by Andrew Taylor July 22nd, 2011
SUMMARY: The head of the U.S. Government Accountability Office’s division of Natural Resources and Environment, David Trimble recently testified to a senate committee that the Environmental Protection Agency continues to fail scientifically and procedurally to adequately safeguard the nation’s drinking water, and is giving short shrift to potentially serious public health effects of drinking water contaminants from pesticides, heavy metals and surface runoff. Trimble told Senators on the Environment and Public Works Committee that to meet its responsibilities in implementing the Safe Water Drinking Act, EPA needs to address shortcomings in measuring contaminants, checking data, and providing administrative oversight.
Since its inception in 1974, the Safe Drinking Water Act has been used to monitor water quality in the United States. The Safe Drinking Water Act gives the EPA authority to monitor and regulate quality standards for all drinking water in the United States. In 1996, oversight provisions of the act were strengthened, establishing EPA-approved testing operator standards for each state, and requiring EPA to begin issuing reports on testing practices. Periodically, the act has been updated to deal with new contaminants and change regulations. This report by the Government Accountability Office, or GAO, outlines current gaps in the Act and how the EPA should correct them.
KEY LINK: “Safe Drinking Water Act: Improvements In Implementation Are Needed To Better Assure The Public Of Safe Drinking Water,” Testimony of David C. Trimble, Director of Natural Resources and Environment, Government Acountability Office, to Committee on Environment and Public Works, U.S. Senate, July 12, 2011
- In his testimony Trimble expresses GAO’s deep concern about known contaminants in the water supply, from sources such as pesticides, heavy metals and surface runoff, that go unregulated and unchecked. The EPA needs more data on such contaminants and the effects on human health over the long term in order to make clearer decisions on water regulation. EPA is looking over a list of 116 contaminants and finalizing which contaminants, with the greatest public health implications, to prioritize.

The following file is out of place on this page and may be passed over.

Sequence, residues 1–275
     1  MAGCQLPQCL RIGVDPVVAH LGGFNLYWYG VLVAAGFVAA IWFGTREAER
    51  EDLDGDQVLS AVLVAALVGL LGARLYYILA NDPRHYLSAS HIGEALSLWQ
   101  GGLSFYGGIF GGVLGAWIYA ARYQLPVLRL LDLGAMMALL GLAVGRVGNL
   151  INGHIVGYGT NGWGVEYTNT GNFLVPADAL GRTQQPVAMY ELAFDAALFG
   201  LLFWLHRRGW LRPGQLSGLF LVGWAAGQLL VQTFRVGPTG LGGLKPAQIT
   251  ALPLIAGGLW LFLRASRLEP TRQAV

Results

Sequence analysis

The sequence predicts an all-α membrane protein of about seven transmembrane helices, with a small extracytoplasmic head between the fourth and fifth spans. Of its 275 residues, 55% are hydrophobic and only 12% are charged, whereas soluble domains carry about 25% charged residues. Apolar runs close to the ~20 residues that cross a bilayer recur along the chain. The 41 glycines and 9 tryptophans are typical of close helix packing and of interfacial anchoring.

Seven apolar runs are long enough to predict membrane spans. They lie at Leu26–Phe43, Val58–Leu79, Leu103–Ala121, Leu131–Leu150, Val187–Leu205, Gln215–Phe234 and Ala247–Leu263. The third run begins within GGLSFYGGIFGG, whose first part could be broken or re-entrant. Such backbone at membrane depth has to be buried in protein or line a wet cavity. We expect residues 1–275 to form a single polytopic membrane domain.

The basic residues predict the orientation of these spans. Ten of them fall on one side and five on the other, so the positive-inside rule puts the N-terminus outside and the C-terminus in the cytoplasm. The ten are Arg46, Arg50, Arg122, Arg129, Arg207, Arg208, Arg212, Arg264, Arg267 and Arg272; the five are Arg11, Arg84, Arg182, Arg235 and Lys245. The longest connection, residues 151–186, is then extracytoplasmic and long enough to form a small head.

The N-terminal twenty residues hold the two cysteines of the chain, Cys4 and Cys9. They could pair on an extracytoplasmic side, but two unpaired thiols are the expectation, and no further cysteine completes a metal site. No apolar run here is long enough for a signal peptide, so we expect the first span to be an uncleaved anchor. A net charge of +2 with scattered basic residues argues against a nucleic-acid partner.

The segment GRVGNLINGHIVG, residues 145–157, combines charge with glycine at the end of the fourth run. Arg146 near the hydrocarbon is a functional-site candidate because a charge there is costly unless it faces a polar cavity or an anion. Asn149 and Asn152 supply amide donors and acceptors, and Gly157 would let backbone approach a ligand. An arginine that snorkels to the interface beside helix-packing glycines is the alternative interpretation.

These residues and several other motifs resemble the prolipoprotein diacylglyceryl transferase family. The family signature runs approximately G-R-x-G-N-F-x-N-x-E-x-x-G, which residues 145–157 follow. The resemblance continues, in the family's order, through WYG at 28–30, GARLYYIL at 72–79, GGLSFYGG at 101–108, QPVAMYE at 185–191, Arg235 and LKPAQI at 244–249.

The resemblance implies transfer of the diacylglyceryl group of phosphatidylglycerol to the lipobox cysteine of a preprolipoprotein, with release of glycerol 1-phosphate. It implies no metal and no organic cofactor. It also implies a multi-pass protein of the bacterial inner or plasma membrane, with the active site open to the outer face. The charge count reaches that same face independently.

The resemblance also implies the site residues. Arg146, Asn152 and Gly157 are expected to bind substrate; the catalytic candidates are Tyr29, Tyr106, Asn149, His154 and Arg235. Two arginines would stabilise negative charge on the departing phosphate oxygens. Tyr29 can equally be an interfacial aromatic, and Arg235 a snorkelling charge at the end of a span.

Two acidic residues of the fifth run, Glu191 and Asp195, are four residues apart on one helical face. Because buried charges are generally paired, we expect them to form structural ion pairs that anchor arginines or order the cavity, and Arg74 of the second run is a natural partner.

- The Office of Water within the EPA needs to work hand in hand with the agency’s top leaders to help establish criteria and stricter guidelines within the Safe Water Act. One example is an insecticide called dieldrin which has been banned for use since 1987. By using a much higher threshold for this pollutant than the United States Geological Survey, EPA found it to be present in water samples at only one-fifth the rate of USGS.
- The EPA needs to focus on contaminants that are harmful to higher-risk populations such as the children, the sick and the elderly. The vulnerabilities of these groups, especially children, should more clearly drive decisions on what contaminants should be regulated. In 1995, the EPA published new policy addressing children’s environmental health, including water safety. However the Office of Water in the EPA has not issued follow-up policies specifically directed toward children.
- GAO wants the EPA’s assessments to use clearer data and better communicate its findings. For example, perchlorate, a chemical that can change hormone balances and growth in early child development, was given a more limited review than other chemicals, despite its risk to children. Perchlorate is currently unregulated, but GAO would like a closer study of its effects and amount in the water supply. Independent scientists who looked at the EPA’s testing on perchlorate said the risks to pregnant women weren’t sufficiently examined, even though according to the EPA they are the most sensitive subpopulation. Trimble described EPA’s data on perchlorate as lacking for certain populations, and lacking a statement of methodological validity.
- GAO already gave EPA an earlier draft of 17 recommendations to better safeguard drinking water, but EPA agreed with only two of the 17, not including GAO’s policy and methodological recommendations on how to accomplish the goals of the Safe Water Act. By accepting and acting upon more of GAO’s recommendations, EPA could wring crucial benefit from drinking water quality data. This in turn should drive its decisions on what additional contaminants should be regulated in the water supply.
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